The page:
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Imperfect pitch.

From a letter sent last October by John S. Karls, a New York City lawyer and accountant, to every member of the Metropolitan Opera Orchestra.

Dear Sir:

For twenty-nine years I have been one of your season subscribers and patrons. I have been an avid fan for forty-four years and have attended more than 1,400 performances on four continents (typically, twenty-five performances annually at La Scala, the Vienna Staatsoper, and the Royal Opera, plus many more).

I am also a frequent tosser of bouquets:

more than fifteen to Maria Callas from 1953-1958,

more than 125 to Mirella Freni from 1956-1997, including two at the Met last season (quite a few of your colleagues applauded my bouquet, the first on stage to start a forty-five-minute ovation),

and more than ninety to an assortment of other performers over the last forty-four years.

At the matinee performance of Carmen on March 22, 1997, one of my guests attempted to toss a bouquet to Angela Gheorghiu that unfortunately struck one of your colleagues in the orchestra pit. My guest gestured his apologies and your colleague gestured his forgiveness. Another member of the orchestra, however, took it upon himself to berate me and my guest and then to tell Angela that "the whole orchestra" hates her. Although I have tossed bouquets to Angela Gheorghiu on more than a dozen occasions (most of them in Europe), she never communicated with me in any way except for 180 seconds of "chewing me out" after this incident. During the chewing out--the worst 180 seconds of my life--she expressed apprehension about returning to the Met, because "the whole orchestra hates me." In the wake of this imbroglio, her attorneys have requested that I never attempt to give her anything again and never attempt to contact her in any way.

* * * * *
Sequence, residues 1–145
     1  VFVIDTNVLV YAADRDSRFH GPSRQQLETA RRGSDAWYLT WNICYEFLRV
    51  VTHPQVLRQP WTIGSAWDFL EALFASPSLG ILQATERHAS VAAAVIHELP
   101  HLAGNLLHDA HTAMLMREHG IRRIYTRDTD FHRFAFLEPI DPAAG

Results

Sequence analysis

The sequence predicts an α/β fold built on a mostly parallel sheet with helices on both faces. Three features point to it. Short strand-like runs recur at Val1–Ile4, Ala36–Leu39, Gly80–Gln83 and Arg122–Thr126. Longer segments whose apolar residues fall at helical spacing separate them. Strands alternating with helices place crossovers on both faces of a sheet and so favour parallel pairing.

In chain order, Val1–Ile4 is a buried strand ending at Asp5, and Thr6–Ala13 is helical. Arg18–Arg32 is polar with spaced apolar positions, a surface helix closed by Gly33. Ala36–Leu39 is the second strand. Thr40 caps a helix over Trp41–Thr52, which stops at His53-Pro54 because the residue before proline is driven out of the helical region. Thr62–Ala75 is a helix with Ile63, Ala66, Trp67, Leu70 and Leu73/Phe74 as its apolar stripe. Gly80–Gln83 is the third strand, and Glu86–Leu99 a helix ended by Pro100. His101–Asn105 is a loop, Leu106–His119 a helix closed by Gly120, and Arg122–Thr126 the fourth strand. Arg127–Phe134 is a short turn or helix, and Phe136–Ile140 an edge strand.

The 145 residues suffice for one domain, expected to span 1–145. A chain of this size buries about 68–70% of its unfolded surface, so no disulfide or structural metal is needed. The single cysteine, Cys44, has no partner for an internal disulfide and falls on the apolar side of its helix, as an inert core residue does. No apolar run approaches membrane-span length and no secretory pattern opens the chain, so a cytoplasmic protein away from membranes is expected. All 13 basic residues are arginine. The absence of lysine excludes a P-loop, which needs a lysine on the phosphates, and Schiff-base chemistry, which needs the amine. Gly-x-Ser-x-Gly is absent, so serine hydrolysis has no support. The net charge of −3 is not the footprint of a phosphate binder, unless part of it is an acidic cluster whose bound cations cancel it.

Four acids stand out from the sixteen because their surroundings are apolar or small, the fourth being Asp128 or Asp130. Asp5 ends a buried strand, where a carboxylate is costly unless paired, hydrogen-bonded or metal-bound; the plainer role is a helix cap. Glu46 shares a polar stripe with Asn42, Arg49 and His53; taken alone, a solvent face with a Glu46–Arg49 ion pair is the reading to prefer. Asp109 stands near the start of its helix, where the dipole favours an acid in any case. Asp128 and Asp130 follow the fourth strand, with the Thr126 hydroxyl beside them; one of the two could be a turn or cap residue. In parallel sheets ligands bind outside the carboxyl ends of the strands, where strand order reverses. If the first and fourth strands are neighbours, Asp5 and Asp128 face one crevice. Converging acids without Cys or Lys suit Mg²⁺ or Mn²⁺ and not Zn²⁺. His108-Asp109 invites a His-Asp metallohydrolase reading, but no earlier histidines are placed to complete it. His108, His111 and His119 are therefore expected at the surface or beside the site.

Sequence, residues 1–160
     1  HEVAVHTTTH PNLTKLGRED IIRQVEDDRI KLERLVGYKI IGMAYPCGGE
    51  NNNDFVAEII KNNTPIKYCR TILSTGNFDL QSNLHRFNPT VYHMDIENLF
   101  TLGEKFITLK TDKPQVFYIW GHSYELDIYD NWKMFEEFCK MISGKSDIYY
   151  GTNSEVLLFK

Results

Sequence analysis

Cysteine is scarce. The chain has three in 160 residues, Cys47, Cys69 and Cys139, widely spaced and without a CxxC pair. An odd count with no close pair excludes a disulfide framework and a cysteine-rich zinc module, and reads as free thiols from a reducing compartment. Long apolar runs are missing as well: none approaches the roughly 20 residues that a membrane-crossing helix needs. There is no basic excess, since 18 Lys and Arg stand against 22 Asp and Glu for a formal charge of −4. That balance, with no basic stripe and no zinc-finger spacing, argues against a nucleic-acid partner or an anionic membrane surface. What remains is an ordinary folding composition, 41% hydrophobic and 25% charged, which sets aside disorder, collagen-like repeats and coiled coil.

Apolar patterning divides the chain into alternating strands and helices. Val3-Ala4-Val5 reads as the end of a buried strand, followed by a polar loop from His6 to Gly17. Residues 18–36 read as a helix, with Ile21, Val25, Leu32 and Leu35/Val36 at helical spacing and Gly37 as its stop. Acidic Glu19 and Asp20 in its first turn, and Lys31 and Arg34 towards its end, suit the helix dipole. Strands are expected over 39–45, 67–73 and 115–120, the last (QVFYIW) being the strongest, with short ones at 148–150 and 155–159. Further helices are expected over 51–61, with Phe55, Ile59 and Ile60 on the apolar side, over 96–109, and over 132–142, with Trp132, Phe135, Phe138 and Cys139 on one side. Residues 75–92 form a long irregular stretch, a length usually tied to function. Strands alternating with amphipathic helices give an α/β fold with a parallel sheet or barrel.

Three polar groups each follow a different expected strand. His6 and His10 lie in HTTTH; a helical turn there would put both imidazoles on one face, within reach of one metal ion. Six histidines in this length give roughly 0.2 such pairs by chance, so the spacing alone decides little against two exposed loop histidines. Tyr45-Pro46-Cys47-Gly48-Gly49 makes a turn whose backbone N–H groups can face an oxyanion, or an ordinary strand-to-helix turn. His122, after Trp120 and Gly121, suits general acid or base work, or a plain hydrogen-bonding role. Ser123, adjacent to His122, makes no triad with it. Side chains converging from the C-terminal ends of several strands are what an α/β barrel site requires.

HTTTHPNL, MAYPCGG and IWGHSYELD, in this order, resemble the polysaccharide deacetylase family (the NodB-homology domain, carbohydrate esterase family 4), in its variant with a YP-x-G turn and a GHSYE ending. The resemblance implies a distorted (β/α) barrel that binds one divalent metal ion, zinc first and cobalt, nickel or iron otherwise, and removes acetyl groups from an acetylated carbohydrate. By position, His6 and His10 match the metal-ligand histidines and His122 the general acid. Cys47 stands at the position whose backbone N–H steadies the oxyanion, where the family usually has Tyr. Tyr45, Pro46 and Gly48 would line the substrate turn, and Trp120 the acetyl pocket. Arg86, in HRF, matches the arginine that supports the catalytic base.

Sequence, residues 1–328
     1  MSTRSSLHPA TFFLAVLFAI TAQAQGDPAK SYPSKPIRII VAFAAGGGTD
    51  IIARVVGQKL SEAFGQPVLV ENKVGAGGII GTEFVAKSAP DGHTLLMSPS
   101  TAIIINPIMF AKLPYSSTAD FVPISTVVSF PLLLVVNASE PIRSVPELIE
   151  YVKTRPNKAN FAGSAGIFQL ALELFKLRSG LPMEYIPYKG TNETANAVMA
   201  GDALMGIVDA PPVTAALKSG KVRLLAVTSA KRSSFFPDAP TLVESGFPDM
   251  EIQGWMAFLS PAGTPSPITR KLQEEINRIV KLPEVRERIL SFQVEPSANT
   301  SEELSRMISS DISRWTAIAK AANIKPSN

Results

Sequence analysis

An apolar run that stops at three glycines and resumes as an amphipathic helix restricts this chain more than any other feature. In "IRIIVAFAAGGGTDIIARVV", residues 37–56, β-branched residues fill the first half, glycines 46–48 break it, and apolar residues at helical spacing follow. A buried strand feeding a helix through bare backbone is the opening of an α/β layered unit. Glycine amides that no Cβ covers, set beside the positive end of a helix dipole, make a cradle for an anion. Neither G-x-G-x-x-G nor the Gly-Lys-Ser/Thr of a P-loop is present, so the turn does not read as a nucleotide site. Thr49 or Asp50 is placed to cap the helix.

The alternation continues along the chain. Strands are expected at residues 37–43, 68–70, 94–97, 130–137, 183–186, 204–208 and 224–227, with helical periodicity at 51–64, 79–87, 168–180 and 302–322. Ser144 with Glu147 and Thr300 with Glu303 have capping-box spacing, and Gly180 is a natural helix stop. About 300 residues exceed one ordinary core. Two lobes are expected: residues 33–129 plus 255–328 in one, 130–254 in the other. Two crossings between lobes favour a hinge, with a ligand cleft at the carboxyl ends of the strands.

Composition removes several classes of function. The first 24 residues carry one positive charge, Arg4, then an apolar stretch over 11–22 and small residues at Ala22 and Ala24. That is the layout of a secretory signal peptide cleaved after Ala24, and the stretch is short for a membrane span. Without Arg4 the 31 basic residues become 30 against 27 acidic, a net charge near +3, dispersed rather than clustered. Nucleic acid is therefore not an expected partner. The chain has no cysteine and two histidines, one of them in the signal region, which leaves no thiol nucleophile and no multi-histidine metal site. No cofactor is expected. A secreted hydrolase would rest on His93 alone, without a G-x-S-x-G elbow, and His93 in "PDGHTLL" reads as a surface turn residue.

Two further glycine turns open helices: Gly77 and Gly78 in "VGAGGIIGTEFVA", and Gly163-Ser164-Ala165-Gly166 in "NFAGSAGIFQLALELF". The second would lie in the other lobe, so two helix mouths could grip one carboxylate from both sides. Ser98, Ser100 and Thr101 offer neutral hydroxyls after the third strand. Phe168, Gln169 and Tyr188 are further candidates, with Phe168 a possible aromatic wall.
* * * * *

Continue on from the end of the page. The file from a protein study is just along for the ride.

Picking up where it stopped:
I have written to Joseph Volpe [the general manager of the Met] and have offered to pay for protective netting for you and your colleagues similar to that used at the Royal Opera House at Covent Garden. Mr. Volpe's rejection of the offer leaves you with the following choices: If you want to insure that you are not hit by stray bouquets, you could either leave the orchestra pit during the four to five minutes between the closing curtain and the appearance of the first principal for a solo bow, or you could keep an eye out for "incoming" bouquets. Or you and your colleagues can simply continue to make performers such as Angela Gheorghiu feel unwelcome and uncomfortable at the Met by blaming them for the actions of fans whom they do not know and cannot control.

I make this plea because I have always thrown flowers to Mirella Freni (I tossed two bouquets to her for her Madame Sans-Gene in Zurich last week, I will be tossing a bouquet for her Boheme in Chicago, and I expect to toss for her Tatyana in Turin in February), and I intend to continue tossing bouquets to Mirella until the end of her career. But if Mirella has not retired before she is scheduled to return to New York, I will refrain from tossing a bouquet to her at the Met (even though fifteen of my sixteen bouquets around the world last season landed within three feet of the spot where they were aimed). It would break my heart and leave me totally crushed if I failed to toss her a bouquet at the Met, particularly if that is where she ends her career.

It is difficult to enjoy an opera if one will have to stifle one's enthusiasm at the end. I would rather stop attending opera in New York than put other singers at risk of suffering embarrassment through no fault of their own. Please let me know what you think.
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Title Annotation:from a letter sent Oct 1997 to every member of the Metropolitan Opera Orchestra
Author:Karls, John S.
Publication:Harper's Magazine
Article Type:Brief Article
Date:Mar 1, 1998
Words:633
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